But it is quite possible, in fact when I learned, 4GL’s were not really a thing yet and so we had to learn the basics. I started out learning C, because that was the language to know. I still think it is on some level, it’s the guide language – you can do anything with C, it’s just harder you have to pay more attention because it’s real easy to screw up, too.

Anyway, what else did I learn – I learned SQL very early and I learned my way around an operating system, which a surprising number of coders today don’t do. I think it’s a pity. If you go to CS school they are supposed to make you learn how to write a compiler and learn a fair amount about the innards of operating systems and I think that’s a very good learn. I guess these days failing that, having a good basis of system administration at least.


How were you able to learn these skills back in the day before MOOC’s?


I was lucky again, my first real tech job was for Apple Computer and they hired me to do records management for them for the first lawsuit that they had with Apple. So this is the very early 90s, and I was happy to work for them on that, that was what I had been doing, but part of my work was to take over a system that had been written for the records management team by a developer who was still hanging around. He was still under contract and the thing was still being written.

They figured out that I would be the likely person to manage it because everybody that I worked with was in their advanced stages of their careers, like in their 50s at that time. They thought it was going to be too hard for them to learn SQL and be able to spindle the data that we had. So they taught it to me, and I had an aptitude so the computer programmer in question started teaching me other things like C and system administration.

We stayed friends, let’s see...maybe four years later I married him. So then I had a guy that was very interested, had a vested interest in having me understand and know how to talk about technology! And, for many years after that every time I got a new job I would call him and say, “do I want to do this? Do I want to open source Java?” (Laughs) He said, “yeah, you want to do that,” so then I would go into meetings and I would take really good notes in the meeting, very quietly take very good notes and I would call him up and say, “what is a JVM and why do I care?”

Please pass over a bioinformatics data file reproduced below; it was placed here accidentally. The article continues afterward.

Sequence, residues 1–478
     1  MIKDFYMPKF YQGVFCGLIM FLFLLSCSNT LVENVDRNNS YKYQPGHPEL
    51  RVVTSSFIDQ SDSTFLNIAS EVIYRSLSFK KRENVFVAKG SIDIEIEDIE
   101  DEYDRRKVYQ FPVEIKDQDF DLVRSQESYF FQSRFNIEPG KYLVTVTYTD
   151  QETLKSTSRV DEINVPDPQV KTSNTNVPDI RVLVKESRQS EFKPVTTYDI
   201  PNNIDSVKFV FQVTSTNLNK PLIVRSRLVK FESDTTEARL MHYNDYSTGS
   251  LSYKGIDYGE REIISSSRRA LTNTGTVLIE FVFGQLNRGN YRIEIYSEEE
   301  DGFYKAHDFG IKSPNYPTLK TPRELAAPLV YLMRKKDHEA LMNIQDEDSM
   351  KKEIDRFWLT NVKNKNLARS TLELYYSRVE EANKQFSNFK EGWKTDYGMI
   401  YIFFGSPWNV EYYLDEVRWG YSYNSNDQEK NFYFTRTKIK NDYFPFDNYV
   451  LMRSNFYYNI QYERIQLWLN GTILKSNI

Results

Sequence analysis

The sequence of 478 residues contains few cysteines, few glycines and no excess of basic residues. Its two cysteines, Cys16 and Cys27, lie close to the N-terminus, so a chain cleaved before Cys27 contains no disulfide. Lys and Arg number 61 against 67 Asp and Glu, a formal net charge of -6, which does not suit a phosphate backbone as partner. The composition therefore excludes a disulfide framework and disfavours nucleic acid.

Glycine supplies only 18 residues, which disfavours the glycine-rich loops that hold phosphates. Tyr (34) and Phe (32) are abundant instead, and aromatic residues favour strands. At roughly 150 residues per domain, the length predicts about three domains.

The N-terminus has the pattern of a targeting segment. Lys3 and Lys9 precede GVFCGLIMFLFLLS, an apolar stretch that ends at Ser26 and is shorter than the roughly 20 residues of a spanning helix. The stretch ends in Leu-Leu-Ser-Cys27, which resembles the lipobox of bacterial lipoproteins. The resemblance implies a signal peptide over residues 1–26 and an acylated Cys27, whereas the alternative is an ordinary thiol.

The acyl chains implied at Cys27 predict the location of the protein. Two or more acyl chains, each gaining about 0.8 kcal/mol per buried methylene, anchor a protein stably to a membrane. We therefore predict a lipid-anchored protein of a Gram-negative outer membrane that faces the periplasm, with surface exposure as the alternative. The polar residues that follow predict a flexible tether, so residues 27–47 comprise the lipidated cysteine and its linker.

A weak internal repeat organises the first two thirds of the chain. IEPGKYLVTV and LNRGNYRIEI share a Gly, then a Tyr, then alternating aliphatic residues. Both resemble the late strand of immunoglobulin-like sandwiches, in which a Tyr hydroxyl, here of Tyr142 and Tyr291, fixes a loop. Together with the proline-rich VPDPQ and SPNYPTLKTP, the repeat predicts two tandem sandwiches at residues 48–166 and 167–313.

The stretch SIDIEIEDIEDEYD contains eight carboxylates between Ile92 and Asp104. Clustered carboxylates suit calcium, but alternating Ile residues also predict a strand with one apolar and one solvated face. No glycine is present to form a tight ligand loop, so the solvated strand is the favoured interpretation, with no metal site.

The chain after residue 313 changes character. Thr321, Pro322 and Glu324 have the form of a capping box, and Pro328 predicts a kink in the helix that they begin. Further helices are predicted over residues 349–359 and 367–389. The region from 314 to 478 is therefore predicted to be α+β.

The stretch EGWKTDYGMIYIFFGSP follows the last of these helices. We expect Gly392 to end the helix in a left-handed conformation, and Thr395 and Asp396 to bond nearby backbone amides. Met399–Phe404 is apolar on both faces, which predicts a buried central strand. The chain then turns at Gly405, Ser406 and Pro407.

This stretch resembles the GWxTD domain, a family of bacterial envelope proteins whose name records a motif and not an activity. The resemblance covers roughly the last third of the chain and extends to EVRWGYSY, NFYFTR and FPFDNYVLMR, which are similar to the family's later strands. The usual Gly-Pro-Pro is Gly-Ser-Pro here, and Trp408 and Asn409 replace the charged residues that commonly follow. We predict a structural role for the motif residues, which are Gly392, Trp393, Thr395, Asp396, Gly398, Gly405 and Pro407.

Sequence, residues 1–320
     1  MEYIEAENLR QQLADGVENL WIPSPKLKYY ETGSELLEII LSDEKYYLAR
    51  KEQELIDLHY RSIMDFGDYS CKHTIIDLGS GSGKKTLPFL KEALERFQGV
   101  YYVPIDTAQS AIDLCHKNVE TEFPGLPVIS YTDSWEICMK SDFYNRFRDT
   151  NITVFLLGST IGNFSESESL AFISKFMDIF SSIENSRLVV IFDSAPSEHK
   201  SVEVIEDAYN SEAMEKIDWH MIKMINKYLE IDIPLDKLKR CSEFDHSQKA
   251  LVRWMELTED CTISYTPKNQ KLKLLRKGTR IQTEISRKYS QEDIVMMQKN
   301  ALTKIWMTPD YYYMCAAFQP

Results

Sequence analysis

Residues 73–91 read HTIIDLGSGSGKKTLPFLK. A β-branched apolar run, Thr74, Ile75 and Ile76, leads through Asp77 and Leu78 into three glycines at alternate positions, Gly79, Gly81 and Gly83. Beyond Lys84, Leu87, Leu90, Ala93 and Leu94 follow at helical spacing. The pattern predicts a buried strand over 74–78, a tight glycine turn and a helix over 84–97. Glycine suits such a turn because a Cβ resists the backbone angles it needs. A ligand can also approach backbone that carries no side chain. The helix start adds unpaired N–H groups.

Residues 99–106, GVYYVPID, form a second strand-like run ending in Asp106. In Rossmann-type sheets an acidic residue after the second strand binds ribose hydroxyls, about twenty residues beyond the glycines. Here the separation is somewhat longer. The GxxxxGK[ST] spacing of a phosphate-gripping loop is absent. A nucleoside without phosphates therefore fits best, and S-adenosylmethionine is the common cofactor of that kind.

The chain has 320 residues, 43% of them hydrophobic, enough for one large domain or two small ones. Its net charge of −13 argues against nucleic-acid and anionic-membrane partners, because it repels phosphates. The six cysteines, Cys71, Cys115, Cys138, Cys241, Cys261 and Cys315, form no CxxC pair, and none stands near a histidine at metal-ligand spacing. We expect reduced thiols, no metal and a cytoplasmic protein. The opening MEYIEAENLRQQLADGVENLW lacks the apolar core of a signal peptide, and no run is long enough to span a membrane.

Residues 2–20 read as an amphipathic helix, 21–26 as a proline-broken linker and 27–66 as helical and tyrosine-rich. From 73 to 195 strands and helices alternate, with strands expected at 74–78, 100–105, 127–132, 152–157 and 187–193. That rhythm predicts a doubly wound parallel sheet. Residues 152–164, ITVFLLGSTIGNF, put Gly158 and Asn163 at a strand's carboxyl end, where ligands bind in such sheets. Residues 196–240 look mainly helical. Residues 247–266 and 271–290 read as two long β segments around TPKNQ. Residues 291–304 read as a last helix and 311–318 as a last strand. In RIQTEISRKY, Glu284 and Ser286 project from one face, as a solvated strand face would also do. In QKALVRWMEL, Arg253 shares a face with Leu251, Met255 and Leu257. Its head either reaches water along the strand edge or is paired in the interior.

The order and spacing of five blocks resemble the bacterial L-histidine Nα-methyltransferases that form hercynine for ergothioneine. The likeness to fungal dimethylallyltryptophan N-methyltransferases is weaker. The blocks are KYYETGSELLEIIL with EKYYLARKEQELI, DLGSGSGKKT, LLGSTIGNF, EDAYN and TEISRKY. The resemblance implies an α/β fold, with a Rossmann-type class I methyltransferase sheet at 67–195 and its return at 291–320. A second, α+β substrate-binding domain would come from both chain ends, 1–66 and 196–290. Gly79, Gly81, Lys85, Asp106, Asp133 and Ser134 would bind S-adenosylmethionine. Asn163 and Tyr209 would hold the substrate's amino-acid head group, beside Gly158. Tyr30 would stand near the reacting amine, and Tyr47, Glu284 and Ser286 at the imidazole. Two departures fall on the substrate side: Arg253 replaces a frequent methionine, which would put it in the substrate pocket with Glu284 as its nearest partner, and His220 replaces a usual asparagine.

And, he’d tell me... ‘discuss garbage collection with me please,’ I need to understand it. And so I was lucky that he’s a great teacher and I have an aptitude.


We talk a lot about the value of mentorship; we undersell the potential of husbands and wives. (Laughs)


Yeah, It’s totally, totally worth finding a mentor that you can ask questions that isn’t going to laugh at you for not knowing. Then the other thing that happened was at Apple, and I think they still do it, they beam the Stanford Instructional Television feed into every office and you can sit there and take a CS degree listening to Stanford talk. So I did that, I listened to as much of that as I could while I was at Apple and because of that I understand the innards of RISC chips and about massively parallel processing – let’s see, what else did I really learn there? Oh, hypervisors, they were talking about those a long time ago, Stanford Instructional Television tends to be kind of advanced topics for people that are already working in the field, but there was a lot of information there for me.


So we go from French Literature to Apple Computer to mentorship and learning and actually being pretty good at this stuff. I venture to say that not everyone could pick up some of those skills, just from watching Stanford television?


Well I studied a lot of languages in school, I studied maybe seven spoken languages in school and I got good at acquiring languages and if you think about it computer languages are just very, very simple languages – simple grammar, simple syntax. So then if you have a decent background in math, practical math which I did because I went to a good school, it’s not a huge job. To be perfectly honest, I did do a quarter of Basic in 1973 when I was in school and it was a long time ago – every old nerd has a story like this and you guys will get tired of hearing these stories! But we had to make a phone call and then we had to slam the phone down into a coupler in order to run the “mojo”, which is what a modem was called, and mine went 300 bot, I can type almost faster than it was sending signal. Then we recorded our little programs on paper tape that had punches in it, we weren’t using IBM punch cards. The paper tape was thought to be more friendly because it could hold a whole program on a single length of tape.